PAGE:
• I feel better able to focus deeply on a single task.
  • I feel less anxious and overwhelmed about everything that needs to be done.
  • The system regularly nudges me towards learning more about the tasks I often work on.
  • I’m more consistent with getting out of my chair and resting my eyes.
  • I’m more consistent with checking Slack and communicating.
  • I’m spending far less time maintaining the system than I did with my previous system.

Good luck with the pomodoros! I’ve been on and off of them. It’s definitely a love hate relationship.
So far I found exactly one activity to do in my 5 minute break that works really really well, and that is to play one level of Contraption Maker. It keeps my mind engaged without providing any distracting elements.

I’d like to learn more about the personal purpose statement. What is it and maybe more importantly: Why is it? Sorry if you addressed that earlier in this thread


I was thinking about how to change my system while listening to the book Peak Performance. Section 3 of the book focuses on the idea that having a purpose that transcends yourself can help you to be more effective and put more effort into your work while avoiding fatigue and burnout. This was what prompted me to attempt developing my own purpose statement and to include it in my work start routine. (This summary of the book seems fairly thorough–search for “purpose” to find his notes on the relevant section.)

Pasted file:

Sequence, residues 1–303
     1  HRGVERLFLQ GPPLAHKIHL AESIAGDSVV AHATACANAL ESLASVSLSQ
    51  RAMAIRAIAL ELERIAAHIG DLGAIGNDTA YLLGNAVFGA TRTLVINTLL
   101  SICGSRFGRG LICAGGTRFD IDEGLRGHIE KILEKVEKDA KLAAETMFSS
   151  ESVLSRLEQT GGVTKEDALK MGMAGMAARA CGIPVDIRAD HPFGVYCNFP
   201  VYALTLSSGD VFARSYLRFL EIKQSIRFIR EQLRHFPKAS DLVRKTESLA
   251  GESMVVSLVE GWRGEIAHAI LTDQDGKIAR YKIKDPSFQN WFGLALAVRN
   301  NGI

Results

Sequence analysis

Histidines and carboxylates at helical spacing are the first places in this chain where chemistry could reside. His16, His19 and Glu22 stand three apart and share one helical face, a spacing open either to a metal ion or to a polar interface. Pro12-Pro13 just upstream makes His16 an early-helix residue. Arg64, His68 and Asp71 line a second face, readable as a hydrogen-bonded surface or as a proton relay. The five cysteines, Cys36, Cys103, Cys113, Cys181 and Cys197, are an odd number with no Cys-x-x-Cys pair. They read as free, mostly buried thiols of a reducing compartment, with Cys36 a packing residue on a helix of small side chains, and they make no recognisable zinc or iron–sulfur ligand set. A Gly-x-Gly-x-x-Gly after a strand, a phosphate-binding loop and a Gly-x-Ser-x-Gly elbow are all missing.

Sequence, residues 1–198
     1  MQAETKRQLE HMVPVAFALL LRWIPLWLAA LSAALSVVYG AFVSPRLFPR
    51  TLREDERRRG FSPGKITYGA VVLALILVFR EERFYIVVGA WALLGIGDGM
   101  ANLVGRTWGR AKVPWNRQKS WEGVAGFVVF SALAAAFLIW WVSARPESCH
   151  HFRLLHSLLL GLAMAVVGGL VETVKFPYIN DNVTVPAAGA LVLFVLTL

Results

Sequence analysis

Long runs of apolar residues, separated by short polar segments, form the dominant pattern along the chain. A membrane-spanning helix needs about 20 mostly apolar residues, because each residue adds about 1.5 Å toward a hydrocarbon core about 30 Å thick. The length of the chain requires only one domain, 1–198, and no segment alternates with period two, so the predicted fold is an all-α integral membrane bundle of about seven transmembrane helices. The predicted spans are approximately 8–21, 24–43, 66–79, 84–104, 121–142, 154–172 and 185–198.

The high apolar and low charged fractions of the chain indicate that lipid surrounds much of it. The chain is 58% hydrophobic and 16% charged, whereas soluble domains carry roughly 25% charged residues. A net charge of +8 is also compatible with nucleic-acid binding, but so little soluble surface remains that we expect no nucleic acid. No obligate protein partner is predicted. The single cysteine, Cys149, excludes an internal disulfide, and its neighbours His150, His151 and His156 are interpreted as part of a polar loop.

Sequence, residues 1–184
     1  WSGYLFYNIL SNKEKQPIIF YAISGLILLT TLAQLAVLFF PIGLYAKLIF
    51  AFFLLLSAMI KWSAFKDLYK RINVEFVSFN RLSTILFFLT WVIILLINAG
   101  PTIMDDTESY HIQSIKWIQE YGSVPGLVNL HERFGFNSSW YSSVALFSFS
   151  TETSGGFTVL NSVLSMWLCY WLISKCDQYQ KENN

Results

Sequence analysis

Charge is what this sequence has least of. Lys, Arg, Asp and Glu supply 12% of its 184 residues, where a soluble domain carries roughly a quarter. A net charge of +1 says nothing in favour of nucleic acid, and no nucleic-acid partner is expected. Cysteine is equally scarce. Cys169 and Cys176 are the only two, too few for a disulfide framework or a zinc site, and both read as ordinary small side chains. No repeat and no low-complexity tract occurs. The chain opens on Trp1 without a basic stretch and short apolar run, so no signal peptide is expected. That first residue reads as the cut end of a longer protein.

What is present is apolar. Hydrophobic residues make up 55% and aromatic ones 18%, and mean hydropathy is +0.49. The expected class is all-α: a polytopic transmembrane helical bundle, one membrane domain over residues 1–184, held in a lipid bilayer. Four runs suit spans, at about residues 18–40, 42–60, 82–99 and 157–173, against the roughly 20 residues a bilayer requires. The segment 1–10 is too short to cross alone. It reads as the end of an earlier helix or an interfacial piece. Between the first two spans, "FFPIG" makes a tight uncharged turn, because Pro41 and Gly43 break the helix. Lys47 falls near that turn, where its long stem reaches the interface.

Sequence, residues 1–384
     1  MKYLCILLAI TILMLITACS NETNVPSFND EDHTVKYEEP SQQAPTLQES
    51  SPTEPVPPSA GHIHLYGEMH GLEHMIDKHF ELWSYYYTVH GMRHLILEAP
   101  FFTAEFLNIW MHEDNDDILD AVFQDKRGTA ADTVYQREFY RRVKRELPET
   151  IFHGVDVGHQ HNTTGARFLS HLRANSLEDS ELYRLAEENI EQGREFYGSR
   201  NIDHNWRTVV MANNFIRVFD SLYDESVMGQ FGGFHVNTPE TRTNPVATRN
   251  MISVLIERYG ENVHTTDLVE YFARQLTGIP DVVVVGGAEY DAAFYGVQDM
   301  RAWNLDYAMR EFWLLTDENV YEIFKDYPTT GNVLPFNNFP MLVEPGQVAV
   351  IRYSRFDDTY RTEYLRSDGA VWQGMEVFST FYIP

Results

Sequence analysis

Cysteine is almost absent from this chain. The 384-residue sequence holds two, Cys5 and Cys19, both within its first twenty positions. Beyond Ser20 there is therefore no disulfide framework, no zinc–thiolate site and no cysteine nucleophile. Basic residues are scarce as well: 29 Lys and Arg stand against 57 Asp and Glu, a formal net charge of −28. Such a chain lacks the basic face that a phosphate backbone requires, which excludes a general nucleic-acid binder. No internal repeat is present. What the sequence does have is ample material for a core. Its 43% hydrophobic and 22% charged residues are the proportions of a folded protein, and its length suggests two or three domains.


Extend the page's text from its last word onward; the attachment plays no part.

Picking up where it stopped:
Here’s the current form of my statement:

Always seeing opportunity and human potential, I will seek to become more than I was yesterday, developing world-class expertise in my field while giving back to my community with gratitude.

Build skill with optimism and gratitude.

That second line is meant to be a tiny version of the statement that is easier to remember and repeat.


Well, my weight loss goal just got real today. A while back I retroratcheted the goal to where it would start applying some pressure. And over this weekend I was away from home, and thus didn’t weigh myself daily. In addition, I ate supper twice, which tends to result in weight gain for me. So today I get to lose 1.7 pounds. (My goal rate is only -0.5 pounds per week.)

Is this possible? Guess I’m going to find out. I’ll be fasting the whole day today. I’ve already been to the gym this morning, and I expect I may be back before the end of the day. Wish me luck. :stuck_out_tongue:


I managed to meet my weight goal! :crazy_face:


I find pomadoros seem to work well for me when I basically know what I need to do. When it’s something harder in the sense of a less clear goal or a less clear path from A to B – more guesswork, harder thinking, things I’m less familiar with, etc. – they just seem to get in the way.